I would welcome a side-by-side comparison of Thoughts and Actions Banned by the Right and Thoughts and Actions Banned by the Left.

      • Permit me to draw your attention to the massive ruckuses, primarily started by right-wingers, over whether certain books should be in libraries.

        Said books have ranged from the indefensible to the controversial to “why would anyone have a problem with this if they weren’t an obnoxious twerp?”

      • I suppose one could say the parents objecting to books in a school library are trying to cancel local student access. These would be books the school board objects to having read in public board meetings. It would appear to be a cooperative effort by left and right.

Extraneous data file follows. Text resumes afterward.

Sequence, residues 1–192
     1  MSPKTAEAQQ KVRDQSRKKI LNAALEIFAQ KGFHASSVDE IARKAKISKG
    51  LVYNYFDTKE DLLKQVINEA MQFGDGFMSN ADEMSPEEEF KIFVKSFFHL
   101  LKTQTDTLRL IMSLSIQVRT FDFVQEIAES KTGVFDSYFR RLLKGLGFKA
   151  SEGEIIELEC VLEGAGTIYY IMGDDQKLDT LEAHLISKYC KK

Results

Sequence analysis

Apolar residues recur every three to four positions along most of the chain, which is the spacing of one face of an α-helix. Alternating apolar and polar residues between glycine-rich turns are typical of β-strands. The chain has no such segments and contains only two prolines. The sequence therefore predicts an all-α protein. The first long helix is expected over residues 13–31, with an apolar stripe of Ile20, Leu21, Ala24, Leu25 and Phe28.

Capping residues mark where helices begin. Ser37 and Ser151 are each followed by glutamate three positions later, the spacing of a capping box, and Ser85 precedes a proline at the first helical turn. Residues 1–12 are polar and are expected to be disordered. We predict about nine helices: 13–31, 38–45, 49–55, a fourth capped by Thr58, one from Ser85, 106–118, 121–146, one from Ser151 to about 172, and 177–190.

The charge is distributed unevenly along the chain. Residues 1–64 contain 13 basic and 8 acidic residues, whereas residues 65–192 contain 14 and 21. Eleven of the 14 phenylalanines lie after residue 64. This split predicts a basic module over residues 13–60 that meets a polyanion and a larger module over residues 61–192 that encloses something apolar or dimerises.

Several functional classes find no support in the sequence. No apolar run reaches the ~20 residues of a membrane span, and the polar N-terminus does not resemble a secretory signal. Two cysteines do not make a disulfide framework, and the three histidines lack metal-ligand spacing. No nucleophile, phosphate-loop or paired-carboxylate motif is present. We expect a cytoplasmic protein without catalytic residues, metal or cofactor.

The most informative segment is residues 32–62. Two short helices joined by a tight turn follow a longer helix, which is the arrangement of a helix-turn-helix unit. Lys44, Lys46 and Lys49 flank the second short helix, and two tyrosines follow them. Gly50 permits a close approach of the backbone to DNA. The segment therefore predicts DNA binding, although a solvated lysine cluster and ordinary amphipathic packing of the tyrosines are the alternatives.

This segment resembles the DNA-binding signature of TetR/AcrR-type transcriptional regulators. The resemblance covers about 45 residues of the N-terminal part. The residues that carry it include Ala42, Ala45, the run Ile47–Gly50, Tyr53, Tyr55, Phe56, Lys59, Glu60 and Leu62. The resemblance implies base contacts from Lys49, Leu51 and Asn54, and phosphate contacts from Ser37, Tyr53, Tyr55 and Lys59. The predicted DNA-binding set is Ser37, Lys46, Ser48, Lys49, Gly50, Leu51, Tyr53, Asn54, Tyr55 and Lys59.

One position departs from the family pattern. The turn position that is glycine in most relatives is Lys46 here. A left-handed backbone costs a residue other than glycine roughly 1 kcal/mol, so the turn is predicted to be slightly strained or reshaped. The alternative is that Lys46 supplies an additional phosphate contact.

• Harvey, you probably didn’t attend any school board meetings after the first few weeks of the 2001–02 school year in the non-urban Midwest. You probably didn’t have to put up with a future candidate for state Attorney General interrupting you twice with drivel about the unAmerican, deplorable lack of Christian virtue in your remarks.

        Or again in 2004–05. Three times. On incidents that later led to a teacher’s successful racial discrimination claim against the district (this time it was “Your liberal nonsense is undermining our values”).

        This is explicitly not an attempt to do anything other than anecdotally refute the implication that because you’ve “never yet seen or heard even one conservative person or group attempting to ‘cancel’ anything,” that sort of thing doesn’t happen. It does.